The same thing happens today every time somebody predicts when the world will end, basing it entirely on misapplied numbers in the Bible. It was predicted by many that the world would end at the millennium, and all goes on as it has. The problem with such extreme views of Bible numbers is that some numbers just are not meant to mean anything, while many others are not intended for the purpose mankind thrusts upon them.

          In the years after the close of Bible writing, numerous early New Testament exegeticists thought they discovered numerical secrets throughout the story of Christ’s life. Believing they had stumbled upon vast treasures of untapped divine wisdom, these mistaken scholars invented grand interpretations of the numbers, all the way from how many apostles Jesus called, to how many fish there were (153) in John 21:11. Everything and anything took on special meaning. With the rise of Gnosticism in the post-apostolic era, considerable attention was given to the theological value of numbers and their mystical use in scriptures. “The Gnostics relied heavily on mystical numerology in support of their views. The numerological data presented by the Gnostics were indeed impressive and seemed to indicate that divine truth could be expressed and explained with such phenomena” (Davis, p. 112). However, many church leaders were severe critics of Gnosticism and its mysterious nature. The very idea that secrets were contained in the Bible that could only be found through thorough and convoluted investigation was blasphemous. The Bible agrees with this assessment:


·        Deuteronomy 30:11 states, “For this commandment which I command thee this day, it is not hidden from thee, neither is it far off.”

·        Exodus 32:16 says, “The writing was the writing of God, graven upon the tables” (and not in a computer program).

·        We don't need a secret code when we have God's clear word: "To the law and to the testimony: if they speak not according to this word, it is because there is no light in them" (Isaiah 8:19–20).

·        In John 14:16-18, notice that our Helper is from God in the form of the Spirit, not in the form of a secret Bible number code.


Significant Numbers In The Bible




          Seven is one of the only numbers that is given special attention throughout the entire Bible. It is consistently applied to people, time, arrangements, countries, and armies. It occurs in nearly six hundred passages in the Bible, and according to one writer represents sacredness. “In regard to 7, the ritual arrangements found in the Pentateuch would alone warrant the conclusion that this number was regarded as in some sense sacred. If we read that God blessed the 7th day and sanctified it (Genesis 2:3), and find that peculiar religious observances or customs with a religious basis attached, not only to the 7th day, but to the 7th month, the 7th year, and the 7 x 7th year, we seem warranted in saying that, among the people of the Bible, 7 represents a mystic cycle of work and rest, within which God both accomplishes His purpose I the universe and cooperates with sanctified men” (“Numbers”, Dictionary of the Apostolic Church, ed. J. Hastings, p. 92).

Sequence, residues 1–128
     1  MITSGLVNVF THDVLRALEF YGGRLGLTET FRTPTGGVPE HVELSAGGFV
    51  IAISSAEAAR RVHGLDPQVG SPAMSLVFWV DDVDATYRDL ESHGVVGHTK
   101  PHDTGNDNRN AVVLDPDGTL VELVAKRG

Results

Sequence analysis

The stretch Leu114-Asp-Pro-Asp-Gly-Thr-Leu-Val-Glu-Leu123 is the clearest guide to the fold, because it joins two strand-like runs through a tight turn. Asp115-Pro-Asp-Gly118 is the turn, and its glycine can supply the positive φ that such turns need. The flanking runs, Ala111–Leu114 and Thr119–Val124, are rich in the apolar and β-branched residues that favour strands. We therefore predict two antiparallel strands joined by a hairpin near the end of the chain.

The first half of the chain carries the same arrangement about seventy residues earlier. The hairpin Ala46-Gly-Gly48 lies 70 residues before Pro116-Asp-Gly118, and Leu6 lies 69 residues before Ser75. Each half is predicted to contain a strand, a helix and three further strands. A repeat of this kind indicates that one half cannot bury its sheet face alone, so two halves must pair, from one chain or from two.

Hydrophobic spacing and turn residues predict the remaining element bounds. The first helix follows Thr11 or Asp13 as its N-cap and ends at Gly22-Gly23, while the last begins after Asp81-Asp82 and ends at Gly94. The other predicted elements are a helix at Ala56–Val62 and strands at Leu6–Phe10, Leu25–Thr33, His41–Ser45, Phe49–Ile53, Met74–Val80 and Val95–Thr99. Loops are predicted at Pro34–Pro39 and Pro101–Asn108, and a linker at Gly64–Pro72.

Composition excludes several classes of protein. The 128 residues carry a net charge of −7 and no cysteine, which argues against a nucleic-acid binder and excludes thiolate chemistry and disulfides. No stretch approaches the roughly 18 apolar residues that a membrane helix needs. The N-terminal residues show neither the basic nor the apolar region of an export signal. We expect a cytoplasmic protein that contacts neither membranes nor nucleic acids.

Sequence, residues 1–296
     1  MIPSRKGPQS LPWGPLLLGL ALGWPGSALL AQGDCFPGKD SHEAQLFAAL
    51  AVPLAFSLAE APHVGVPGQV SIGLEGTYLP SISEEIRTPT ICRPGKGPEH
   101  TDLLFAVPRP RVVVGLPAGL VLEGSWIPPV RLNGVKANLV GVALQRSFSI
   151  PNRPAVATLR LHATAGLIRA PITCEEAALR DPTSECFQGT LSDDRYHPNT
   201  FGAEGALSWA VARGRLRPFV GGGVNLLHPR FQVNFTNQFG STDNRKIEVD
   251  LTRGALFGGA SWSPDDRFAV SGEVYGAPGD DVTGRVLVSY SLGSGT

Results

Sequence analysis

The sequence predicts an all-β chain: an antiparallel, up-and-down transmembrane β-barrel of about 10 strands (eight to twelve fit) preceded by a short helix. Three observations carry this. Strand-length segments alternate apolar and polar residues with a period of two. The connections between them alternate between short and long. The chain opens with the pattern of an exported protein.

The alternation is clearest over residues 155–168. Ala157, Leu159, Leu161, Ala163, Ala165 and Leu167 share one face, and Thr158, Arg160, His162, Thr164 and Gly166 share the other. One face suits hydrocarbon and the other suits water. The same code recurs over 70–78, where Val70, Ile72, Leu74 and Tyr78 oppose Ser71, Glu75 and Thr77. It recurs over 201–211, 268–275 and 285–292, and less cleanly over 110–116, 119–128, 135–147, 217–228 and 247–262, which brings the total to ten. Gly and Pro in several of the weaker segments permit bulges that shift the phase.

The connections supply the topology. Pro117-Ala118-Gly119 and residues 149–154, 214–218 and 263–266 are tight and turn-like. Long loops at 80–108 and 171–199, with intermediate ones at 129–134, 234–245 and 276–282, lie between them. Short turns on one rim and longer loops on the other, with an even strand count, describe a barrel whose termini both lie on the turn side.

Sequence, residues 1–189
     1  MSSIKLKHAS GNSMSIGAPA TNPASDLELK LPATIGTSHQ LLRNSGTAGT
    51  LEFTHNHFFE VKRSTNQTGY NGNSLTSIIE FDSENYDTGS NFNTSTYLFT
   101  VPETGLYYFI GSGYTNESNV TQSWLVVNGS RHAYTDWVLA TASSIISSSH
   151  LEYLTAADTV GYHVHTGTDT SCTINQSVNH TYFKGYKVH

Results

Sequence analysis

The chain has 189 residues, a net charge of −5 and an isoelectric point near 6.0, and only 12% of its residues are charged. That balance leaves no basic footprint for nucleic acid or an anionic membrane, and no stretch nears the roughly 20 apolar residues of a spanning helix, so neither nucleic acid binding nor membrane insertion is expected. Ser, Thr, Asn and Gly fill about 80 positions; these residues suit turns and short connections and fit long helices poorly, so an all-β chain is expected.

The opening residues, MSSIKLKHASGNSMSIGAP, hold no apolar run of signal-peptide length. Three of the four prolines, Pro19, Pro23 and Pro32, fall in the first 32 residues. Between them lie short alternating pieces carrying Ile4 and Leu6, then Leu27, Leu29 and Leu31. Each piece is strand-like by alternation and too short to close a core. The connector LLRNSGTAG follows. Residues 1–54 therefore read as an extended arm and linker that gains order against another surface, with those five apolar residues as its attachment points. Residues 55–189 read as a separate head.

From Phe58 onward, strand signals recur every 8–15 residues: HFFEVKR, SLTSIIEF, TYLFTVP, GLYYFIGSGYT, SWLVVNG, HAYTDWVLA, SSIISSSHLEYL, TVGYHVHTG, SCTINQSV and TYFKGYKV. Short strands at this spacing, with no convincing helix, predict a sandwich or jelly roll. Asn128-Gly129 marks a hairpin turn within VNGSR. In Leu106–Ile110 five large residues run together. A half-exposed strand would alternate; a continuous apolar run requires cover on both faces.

·        Jacob served seven years for Rachel in Genesis 29;

·        Seven years of famine and plenty in Genesis 41:53;

·        Samson’s seven day marriage feast;

·        The seven daughters of Jethro (Exodus 2:16);

·        Seven sons of Jesse;

·        Seven sons of Saul;

·        Seventh year as sabbatical year (Exodus 21:2);

·        Seven days of the Feast of Booths;

·        Seven days of unleavened bread (Exodus 34:18);

·        Naaman required to dip seven times (2 Kings 5:10);

·        Deliverance from seven troubles (Job 5:19);

·        Praise of God seven times a day (Psalm 119:164);

·        It is generally agreed that the fundamental idea conveyed by the symbolic use of seven is that of “completeness” or “perfection” with regard to cycles.




          Three is a bit more difficult to determine, since many scholars are in disagreement over its significance. Because it has such a vast usage in the Bible, both negative and positive, it is very difficult to assign a meaning to it. With regard to God, it may mean divinity or fullness. The number may be related to the occurrence of triads in nature, such as “beginning, middle, end”, “Father, Mother, Child”, “Morning, Noon, Night”, “Right, Middle, Left”, or “Heaven, Earth, Sea”. It seems to carry with it the idea of “union, approval, approbation, coordination, completeness, and perfection” (Davis, p. 121). There are three parts to the Godhead, for example, as well as three sons of Noah (and, therefore, three lines of human kind). A feast was required of the men of Israel three times a year (Exodus 23:14,17). Jonah was trapped in the belly of the fish three days, just as Jesus was in the tomb three days before resurrection (John 2:18-22).




          Could refer to the creation, or the earth according to many numerology scholars. Today, we have similar ideas with regard to the world, such as the phrase “the four corners of the earth”, or the “four winds”, or even North, South, East, and West.




          Perfect judgment of God. If three represents God’s wholeness and solidarity, then three times three would take the idea a great step further. It means that in God’s perfect holiness, He judges perfectly.




          May mean completeness as well, but in the sense of the divine order of things. Consider, for example, the fact that there were Ten Commandments, ten curtains in the tabernacle (Exodus 26:1), ten pillars (Exodus 27:12), pillars, drapes, and curtains were measured in ten cubits, and the gold pan was measured as ten shekels (Numbers 7:14). Ten seems to be even in our culture a number that represents order and neatness.




          Twelve likely symbolizes governmental rule, or the perfect number in administration, both by God and man. We see twelve occurring often as a mystical number that represents the totality of God’s chosen people. The twelve sons of Jacob, of course, symbolize the twelve tribes of Israel. These twelve tribes symbolize the completeness of God’s people in this world. The number twelve is seen again the number of chosen disciples by Christ in His ministry, and again in the Revelation of John, referring to the tribes of the earth, and those who rule on thrones in the eternal dwelling places. We see judgment, administration, and authority all tied into this number.